President Obama certainly knows how to talk a good game when it comes to energy policy; to the low-information layman, “all of the above” sounds like a superficially excellent plan. Work on green energy development, but keep the traditional fuel production comin’ — it’s the best of both worlds, right? Except that that’s not what the Obama administration has done at all. While the feds have poured billions upon billions of taxpayer dollars into picking economic winners and losers in the clean-energy field, Obama’s EPA/Energy/Interior team have waged a regulatory war on the coal industry and only allowed for relatively scant permitting for drilling projects.
Obama & Co. are big fans of taking credit for the increase in oil production that’s taking place on the domestic scene right now, but the credit is actually due to permits issued under President Bush (one of the few things he’s unwilling to credit to the “previous administration,” heh) and increased production on private and state lands. As Daniel Kish detailed in USNews yesterday, the Energy Information Administration recently released its Annual Energy Review 2011, and it demonstrates just how much Obama’s policy isn’t so much “all of the above” as “nothing from below”:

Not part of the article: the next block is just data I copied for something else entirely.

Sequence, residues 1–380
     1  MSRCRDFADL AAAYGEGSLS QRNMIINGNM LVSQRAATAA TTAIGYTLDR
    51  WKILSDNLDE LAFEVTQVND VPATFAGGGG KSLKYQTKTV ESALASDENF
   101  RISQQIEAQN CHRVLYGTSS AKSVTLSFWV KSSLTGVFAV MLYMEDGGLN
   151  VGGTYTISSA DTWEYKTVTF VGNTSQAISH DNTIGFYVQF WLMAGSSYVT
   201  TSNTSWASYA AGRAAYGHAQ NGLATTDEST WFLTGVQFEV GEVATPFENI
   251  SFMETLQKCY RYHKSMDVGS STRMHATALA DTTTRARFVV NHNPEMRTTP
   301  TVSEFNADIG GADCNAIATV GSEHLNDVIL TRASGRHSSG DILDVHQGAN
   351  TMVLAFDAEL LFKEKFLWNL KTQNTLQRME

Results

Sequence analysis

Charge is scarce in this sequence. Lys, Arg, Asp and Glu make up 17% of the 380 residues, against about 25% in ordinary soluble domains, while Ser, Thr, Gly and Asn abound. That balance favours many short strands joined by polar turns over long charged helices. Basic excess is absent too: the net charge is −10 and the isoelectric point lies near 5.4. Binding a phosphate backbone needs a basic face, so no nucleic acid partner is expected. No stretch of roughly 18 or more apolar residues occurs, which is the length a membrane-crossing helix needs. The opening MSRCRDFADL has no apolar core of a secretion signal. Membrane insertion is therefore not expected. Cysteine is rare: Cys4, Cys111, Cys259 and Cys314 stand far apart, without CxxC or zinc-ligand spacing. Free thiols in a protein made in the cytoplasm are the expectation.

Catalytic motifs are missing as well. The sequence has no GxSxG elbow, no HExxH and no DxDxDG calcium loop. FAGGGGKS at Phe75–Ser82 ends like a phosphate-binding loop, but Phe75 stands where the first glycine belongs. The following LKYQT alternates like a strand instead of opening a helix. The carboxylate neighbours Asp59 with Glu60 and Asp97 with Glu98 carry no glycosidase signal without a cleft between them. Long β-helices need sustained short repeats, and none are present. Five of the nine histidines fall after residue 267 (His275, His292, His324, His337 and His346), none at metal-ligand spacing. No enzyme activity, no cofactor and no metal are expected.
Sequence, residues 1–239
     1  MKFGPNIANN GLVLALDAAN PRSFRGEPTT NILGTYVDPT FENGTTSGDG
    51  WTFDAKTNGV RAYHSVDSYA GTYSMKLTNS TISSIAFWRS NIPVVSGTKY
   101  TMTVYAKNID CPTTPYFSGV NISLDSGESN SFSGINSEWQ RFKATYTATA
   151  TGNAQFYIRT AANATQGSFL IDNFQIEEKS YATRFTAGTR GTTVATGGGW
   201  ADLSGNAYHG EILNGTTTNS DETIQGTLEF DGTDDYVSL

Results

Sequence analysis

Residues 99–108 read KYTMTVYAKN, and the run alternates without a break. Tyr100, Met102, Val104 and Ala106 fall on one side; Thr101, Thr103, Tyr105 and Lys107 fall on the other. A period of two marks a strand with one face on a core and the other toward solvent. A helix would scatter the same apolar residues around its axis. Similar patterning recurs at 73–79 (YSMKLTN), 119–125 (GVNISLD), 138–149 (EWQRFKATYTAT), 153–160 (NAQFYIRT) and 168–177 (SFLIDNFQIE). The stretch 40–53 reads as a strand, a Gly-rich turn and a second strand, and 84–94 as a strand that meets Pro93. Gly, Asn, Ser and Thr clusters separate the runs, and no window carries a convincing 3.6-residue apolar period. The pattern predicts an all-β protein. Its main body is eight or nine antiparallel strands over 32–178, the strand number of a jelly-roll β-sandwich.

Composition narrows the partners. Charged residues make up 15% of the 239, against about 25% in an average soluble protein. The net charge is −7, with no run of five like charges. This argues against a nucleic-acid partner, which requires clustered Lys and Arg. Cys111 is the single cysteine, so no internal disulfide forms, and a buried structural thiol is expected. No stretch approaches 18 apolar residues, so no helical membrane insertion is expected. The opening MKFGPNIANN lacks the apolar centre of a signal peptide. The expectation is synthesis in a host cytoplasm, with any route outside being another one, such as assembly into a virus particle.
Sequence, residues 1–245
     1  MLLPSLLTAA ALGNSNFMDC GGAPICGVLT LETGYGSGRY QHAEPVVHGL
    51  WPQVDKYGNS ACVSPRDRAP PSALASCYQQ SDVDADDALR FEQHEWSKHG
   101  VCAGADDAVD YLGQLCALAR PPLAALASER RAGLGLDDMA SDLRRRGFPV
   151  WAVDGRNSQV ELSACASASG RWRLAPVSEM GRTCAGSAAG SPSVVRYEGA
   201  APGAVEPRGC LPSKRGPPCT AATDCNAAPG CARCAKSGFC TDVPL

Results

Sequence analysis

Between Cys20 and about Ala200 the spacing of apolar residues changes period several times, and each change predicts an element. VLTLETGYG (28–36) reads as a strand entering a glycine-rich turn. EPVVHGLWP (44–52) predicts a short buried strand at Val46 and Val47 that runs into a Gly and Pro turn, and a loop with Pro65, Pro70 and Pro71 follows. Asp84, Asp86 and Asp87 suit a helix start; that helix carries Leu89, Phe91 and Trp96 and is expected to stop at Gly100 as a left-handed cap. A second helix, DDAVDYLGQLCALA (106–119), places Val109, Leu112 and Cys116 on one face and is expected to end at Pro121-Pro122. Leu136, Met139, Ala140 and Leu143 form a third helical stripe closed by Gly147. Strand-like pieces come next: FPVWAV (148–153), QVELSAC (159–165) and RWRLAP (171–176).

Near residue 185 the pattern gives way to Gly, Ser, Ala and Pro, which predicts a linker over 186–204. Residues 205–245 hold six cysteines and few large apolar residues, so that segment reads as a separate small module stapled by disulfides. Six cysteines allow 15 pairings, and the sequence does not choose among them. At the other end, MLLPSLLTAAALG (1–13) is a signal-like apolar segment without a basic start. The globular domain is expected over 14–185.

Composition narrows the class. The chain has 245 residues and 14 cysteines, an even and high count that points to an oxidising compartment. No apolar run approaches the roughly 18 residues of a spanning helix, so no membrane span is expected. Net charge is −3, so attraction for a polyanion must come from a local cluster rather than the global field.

In reality, data shows that oil and gas production is actually falling on federal lands. Offshore oil production was the lowest since 2008, and natural gas production on federal lands was the lowest since 2003. Coal production on federal lands has fallen as well. Coal production was the lowest since 2006. Energy Information Administration also reports that 2011 had the highest average price for gasoline in U.S. history, and 2009-2011 has seen the highest average real electricity prices since the early 1990s.
What the record shows is that energy production is happening in spite of the president’s polices, not because of them. Instead, the federal government’s policy has been to restrict access to the 2.46 billion acres of onshore and offshore energy lands—lands that hold the greatest untapped resource potential—thereby denying their use to the people who own these resources.
While it is unfair to suggest than any president can control the global demand that’s leading to rising gasoline prices, the president could at least mitigate them by signaling to speculators that a greater supply is on the way. What’s more, getting in on a larger market share of these rising oil prices and taking advantage of the job creation, economic growth, and government revenue that would come with tapping into our wildly abundant natural resources means that rising gasoline prices wouldn’t have quite such a devastating impact.
As it is, the Obama administration’s drilling restrictions and regulatory warfare mean that we’re in for those “necessarily skyrocketing” energy prices, and if he wins a second term, I suspect that we’ll see him start really pushing for a national renewable portfolio standard — i.e., requiring energy supply companies to use a specified supply from renewable sources, despite the expense — which is definitely more bad news bears for our economy.